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Amelia Kaufman/MEDILL

Barnes & Noble redirects Nook’s future toward digital textbook after dismal holiday sales

Outlook dims for Barnes & Noble as Nook fights for niche

by Amelia Kaufman
Feb 20, 2013

Barnes & Noble Inc.’s once innovative e-reader has fallen from grace.

The New-York-based company had banked on the Nook e-reader carrying it through to the digital age as the book industry crumbled around it. But the Nook, heralded as a technological savior of literature, hangs in limbo less than three years after its release.

That’s where the Nook remains now: Caught between the cloud-storage capabilities of the Amazon Inc. Kindle and the unwavering following of Apple Inc.’s iPad. Barnes & Noble is counting on a recent partnership with an education publishing company to help establish Barnes & Noble as a digital textbook magnate.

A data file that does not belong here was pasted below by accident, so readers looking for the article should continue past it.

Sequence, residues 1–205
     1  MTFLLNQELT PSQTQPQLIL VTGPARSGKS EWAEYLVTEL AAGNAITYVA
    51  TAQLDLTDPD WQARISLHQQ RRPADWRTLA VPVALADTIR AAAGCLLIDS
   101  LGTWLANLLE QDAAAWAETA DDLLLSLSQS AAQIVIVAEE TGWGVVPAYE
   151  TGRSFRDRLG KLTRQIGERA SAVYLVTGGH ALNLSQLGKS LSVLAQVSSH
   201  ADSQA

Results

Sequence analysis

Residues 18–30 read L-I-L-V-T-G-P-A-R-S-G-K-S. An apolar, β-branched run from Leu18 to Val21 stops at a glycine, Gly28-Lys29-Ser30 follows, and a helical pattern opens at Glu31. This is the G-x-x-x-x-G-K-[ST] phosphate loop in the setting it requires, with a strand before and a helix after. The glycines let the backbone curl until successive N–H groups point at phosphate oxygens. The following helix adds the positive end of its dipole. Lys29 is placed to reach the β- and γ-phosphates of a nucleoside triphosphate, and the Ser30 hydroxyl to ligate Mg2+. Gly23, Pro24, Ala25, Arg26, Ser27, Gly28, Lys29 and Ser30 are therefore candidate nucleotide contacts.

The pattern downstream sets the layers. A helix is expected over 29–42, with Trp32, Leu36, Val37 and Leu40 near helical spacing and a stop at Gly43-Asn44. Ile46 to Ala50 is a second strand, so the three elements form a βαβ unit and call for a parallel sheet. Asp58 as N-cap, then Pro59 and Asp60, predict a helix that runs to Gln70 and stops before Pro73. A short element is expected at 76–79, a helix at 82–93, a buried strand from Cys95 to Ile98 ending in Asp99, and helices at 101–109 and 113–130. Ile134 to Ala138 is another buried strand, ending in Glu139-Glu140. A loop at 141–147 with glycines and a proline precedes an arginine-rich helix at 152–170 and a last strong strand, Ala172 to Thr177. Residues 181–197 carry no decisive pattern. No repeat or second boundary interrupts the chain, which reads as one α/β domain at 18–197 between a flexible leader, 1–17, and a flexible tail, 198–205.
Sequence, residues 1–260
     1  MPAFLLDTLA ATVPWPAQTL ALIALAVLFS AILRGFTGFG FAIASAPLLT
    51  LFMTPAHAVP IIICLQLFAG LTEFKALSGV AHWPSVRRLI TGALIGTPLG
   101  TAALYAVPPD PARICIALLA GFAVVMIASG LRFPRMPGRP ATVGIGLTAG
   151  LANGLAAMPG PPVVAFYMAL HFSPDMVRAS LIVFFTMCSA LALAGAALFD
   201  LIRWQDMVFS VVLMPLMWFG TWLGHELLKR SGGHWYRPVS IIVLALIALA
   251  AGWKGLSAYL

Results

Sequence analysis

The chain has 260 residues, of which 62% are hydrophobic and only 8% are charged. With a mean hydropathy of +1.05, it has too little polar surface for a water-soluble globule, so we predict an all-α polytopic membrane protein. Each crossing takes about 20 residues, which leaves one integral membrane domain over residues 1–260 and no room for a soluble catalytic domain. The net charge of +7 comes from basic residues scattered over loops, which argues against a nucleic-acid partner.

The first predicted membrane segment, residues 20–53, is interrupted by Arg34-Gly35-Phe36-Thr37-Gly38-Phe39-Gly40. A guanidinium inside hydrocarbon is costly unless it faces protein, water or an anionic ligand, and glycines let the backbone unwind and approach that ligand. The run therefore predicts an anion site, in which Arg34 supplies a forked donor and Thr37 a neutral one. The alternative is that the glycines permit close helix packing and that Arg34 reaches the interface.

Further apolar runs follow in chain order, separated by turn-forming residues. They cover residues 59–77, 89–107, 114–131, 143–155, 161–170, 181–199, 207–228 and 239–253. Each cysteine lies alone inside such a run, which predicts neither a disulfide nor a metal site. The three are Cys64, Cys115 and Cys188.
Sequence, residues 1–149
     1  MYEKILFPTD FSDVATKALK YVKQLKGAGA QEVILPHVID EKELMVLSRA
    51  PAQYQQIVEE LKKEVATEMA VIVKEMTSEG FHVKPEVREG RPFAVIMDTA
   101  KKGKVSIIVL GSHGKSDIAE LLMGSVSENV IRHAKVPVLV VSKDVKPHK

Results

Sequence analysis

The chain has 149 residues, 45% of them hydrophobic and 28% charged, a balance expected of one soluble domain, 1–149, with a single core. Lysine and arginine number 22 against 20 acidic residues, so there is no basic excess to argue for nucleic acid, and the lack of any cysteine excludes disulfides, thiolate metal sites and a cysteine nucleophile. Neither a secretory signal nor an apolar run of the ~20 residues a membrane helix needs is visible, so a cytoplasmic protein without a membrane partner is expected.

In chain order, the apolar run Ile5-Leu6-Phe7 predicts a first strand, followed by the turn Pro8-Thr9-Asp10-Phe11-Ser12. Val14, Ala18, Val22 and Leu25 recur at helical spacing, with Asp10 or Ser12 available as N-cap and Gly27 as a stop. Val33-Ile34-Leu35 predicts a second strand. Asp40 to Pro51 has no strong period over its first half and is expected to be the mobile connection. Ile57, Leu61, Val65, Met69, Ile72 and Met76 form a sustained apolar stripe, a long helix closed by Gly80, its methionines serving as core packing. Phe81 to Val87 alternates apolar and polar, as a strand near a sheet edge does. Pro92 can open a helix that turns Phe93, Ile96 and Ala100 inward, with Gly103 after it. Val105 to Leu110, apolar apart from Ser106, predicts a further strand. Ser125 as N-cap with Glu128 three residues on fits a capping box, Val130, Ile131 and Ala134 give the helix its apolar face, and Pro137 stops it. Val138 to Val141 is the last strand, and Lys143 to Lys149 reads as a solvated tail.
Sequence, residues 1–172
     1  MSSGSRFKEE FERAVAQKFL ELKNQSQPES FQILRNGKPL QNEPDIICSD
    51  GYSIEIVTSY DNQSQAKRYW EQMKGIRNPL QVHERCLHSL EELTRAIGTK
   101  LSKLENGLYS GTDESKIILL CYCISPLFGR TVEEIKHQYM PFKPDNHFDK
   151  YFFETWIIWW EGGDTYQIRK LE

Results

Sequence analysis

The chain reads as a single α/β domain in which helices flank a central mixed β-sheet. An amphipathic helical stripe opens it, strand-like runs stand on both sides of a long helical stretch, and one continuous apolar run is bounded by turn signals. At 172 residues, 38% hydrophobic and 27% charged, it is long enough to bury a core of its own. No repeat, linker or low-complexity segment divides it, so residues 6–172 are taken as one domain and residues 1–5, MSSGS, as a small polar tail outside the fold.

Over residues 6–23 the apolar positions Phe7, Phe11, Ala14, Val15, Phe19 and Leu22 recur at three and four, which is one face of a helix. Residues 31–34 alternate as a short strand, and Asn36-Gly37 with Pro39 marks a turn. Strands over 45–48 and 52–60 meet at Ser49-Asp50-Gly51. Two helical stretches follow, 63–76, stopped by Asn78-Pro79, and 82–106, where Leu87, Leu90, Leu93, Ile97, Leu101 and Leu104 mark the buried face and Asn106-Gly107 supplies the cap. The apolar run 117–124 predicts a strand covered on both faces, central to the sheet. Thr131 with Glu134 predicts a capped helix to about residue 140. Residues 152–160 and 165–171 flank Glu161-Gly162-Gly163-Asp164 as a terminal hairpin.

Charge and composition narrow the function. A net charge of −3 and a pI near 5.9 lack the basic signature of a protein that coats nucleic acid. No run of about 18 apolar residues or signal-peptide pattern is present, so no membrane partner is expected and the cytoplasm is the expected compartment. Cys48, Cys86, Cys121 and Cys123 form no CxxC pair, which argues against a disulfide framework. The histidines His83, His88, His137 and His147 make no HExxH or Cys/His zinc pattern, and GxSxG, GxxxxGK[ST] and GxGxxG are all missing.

But poor sales may cause the Nook’s short-lived life to be prematurely snuffed out. William Lynch, chief executive of Barnes & Noble, is grappling for a way to explain dismal 2012 holiday sales: Nook revenue declined 12.6 percent.

“We entered the holiday with two great new products, Nook HD and Nook HD+, both highly rated media tables of phenomenal quality. Nook device sales got off to a good start over the Black Friday period, but then fell short of expectations for the balance of holiday. We are examining the root cause,” Lynch said in is a statement.

It seemed like a dream come true for readers when the 7.5 ounce gadget debuted in 2009. Even the Christian Science Monitor pledged allegiance: “All hail Barnes and Noble Nook, king of the e-reader heap.” Consumer Reports touted its streamlined focus on “just reading” and others raved about the simplicity of the model.